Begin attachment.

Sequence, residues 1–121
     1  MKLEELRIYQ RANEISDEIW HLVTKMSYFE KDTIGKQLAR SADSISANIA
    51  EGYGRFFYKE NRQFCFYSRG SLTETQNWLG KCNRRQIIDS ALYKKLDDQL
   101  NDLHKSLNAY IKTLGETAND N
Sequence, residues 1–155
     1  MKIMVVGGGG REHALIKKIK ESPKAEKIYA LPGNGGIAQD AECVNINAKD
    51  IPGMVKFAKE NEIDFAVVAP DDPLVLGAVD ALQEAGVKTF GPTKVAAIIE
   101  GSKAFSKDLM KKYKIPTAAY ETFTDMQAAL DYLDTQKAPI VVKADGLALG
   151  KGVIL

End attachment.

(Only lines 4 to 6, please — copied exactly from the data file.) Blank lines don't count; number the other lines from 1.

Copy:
   101  NDLHKSLNAY IKTLGETAND N
Sequence, residues 1–155
     1  MKIMVVGGGG REHALIKKIK ESPKAEKIYA LPGNGGIAQD AECVNINAKD